represents two telephone conductors. Mutual inductance(MRT1) between the
red phase conductor and the first conductor of the telephone line is:
4~47r [2 ln
MRT1
r
+ 2-5
2
+ 1 – j— — (1+ j)a(b+c)]
2
gadRn
3
(H/m)
(2.22)
Where diti= q[aRr1 2 + (b-c)2]
Similarly we can find Mwri and MBT1 .
Mutual impedance between the red phase conductor and the first conductor of
the telephone line,
ZRT1 is:
ZRT1
Similarly find Zwri and
(H/m)
-j(01\ARr1
(2.23)
Z$T1 •
Loop inductance ZRwri is:
ZRWT1 = ZRT1 ZWT1
(Him)
(2.24)
Similarly we can find ZWBT1 and ZBRT1
and IB be the current flowing through red, white and blue phase
conductors respectively. Now we can calculate the loop currents IRW , IwB and
IR, Iw
IBR (see section 2.1.1.1)
The induced voltage on the first conductor of the telephone line due three loop
currents and earth current (unbalanced load) is:
17
VT1
[ZR1PT1
ZWBTI
[ZRWTI
ZW73T1
ZBRT11
IRO
[Iwo
IBO _
4
(2.25)
(V)
For a balanced load the second part of the above equation will be zero.
Similarly we can calculate the induced voltage on the second conductor of the
telephone line (VT2). The differential mode voltage Vd is:
Vd =
VT1 - VT2
(2.26)
(V)
2.1.4.2 Equations for Loop Inductance - for small separations.
For small separations, loop induction becomes significant. Loop induction
occurs when the current returns via a second conductor, as is the case for
balanced conditions on a power line. The mutual inductance for a double wire
circuit and a circuit with earth return can be found by calculating the partial
derivative of M14 and forming the total differential, resulting in [2]:
M12/4
Po
[
2a
4n- d2
da +[
2 (b — c)
d2
+
ri
3
a (1+ j) ]db ] gym)
(2.27)
for a loop with horizontal projection da and vertical projection db.
2.1.5 PSOPHOMETER AND PSOPHOMETRICALLY WEIGHTED CURRENT
2.1.5.1 Psophometer
The psophometer is an instrument which has been introduced for measuring the
value of the parasitic voltages produced in telephone circuits by nearby power
lines, from the point of view of the interference which the noises due to these
voltages can cause to the normal use of the circuits[10]. It was developed with
a view to making measurements at the ends of long-distance circuits. It has a
very high input impedance, and can be used in the same circumstances as a
18
voltmeter; it consists essentially of an a.c. measuring instrument, associated
with a weighting network.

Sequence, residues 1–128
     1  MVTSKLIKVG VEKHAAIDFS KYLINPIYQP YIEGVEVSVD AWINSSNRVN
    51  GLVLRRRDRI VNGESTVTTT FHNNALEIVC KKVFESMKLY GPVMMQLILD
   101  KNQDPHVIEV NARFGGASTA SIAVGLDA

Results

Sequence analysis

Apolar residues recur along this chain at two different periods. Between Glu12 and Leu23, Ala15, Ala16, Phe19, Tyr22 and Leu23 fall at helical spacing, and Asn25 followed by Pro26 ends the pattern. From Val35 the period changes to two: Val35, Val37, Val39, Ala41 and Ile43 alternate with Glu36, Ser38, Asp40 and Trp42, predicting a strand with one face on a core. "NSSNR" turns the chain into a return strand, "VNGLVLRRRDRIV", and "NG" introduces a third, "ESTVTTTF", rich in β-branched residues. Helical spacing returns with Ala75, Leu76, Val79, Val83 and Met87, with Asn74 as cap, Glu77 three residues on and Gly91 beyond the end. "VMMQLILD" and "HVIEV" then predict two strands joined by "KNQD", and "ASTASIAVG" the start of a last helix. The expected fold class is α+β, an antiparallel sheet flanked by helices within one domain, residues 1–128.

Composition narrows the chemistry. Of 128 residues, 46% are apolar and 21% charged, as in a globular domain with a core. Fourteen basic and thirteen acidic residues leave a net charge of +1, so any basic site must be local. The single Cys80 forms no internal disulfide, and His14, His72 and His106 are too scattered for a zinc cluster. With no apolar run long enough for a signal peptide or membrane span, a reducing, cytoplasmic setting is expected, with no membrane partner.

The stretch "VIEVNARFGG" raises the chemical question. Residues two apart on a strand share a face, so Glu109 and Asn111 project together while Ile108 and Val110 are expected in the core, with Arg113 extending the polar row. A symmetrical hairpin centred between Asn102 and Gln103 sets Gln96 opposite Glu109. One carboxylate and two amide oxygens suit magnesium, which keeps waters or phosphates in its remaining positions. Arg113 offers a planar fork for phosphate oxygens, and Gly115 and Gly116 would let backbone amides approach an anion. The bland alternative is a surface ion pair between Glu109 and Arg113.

2.1.5.2 Psophometrically Weighted Current
In noise interference case, it may be necessary to measure the spectrum of
harmonics in the disturbing current.
The psophometrically - weighted current I„ is
1
(2.28)
(A)
p ilE 13; 1-;
800 if f
where Pf is the psophometric weighting factor at frequency f
If is the harmonic r.m.s component of the line current at frequency f.
Note:- Psophometric weighting coefficients for different frequencies are given
in Table A-1 in Appendix (A).
The psophometric equivalent 800 Hz disturbing current is:
/peq
P800
P 2 2 ELY
f If 800
(A)
(2.29)
To find the value of psophometrically induced voltage, the value of current
used in the above section(2.1.4.1) must be psophometrically weighted current.
Another assumption is that for a linear system, the effect of different harmonic
currents present in the line current (fundamental + different harmonics) will be
the same if we treat them separately and then find their combined effect. The
formula use in this case is:
2
VT = AAVTfiin) + (VT1)2 + (VT2 )2
Where
VITun, VT1, VT2
(VT02
(V/m) (2.30)
VT„ are the induced voltages at fundamental, first
second and nth harmonics respectively.
Vrfun = Zfun x 1 x ipueun
Pecliun
1
PS
= 800
( 50) 2
i502 800)
19
(2.31)
(V/m)
(A)
(2.32)
Zi X1Xl peg]
VT'
Vd = VT x A. m
(2.33)
IM)
(2.34)
(Wm)
is the sensitivity coefficient of electromagnetic coupling.
where
Sensitivity coefficient of electromagnetic coupling(t) is defined as the ratio
between the psophometric emf acting in a loop
ep
and the common mode
longitudinal emf Ep caused by magnetic induction.
=
ep
(2.35)
Ep
Measurement can be done using exiting induction, or for a more systematic
approach, artificial induction can be used. These techniques are
comprehensively detailed in the Directives [10]. Measured values for 2 m
typically range from 0.001 to 0.05 for open wire circuits, while for cables
values are normally much lower.
2.2. FACTORS INFLUENCE THE INDUCED VOLTAGE IN A
TELEPHONE LINE
From equations 2.22, 2.23 and 2.25 it is clear that the factors influencing the
induced voltage in a telephone line are: line current, separation distance
between the power and telephone line, frequency of the inducing current,
configuration of the power line, earth resistivity (soil conductivity) and
telephone pair spacing.
2.2.1 LINE CURRENT
From equation 2.21 it is clear that voltage induced on a conductor is directly
proportional to the magnitude of current flowing through the inducing line. To
verify this mathematically induced voltage is calculated for two different
inducing currents(10 A and 5 A) in the case of test line configuration (section
2.1.3). The separation distance between the two lines is 1.57 m (from the red
phase conductor to the telephone conductor), the exposure length is 80 m and
soil resistivity is 260 ohm-m. In the graph given below (from 50 Hz- 5 kHz) it
is shown that when magnitude of current doubles the magnitude of induced
20
voltage will also double if there is no change in the other parameters of the
lines.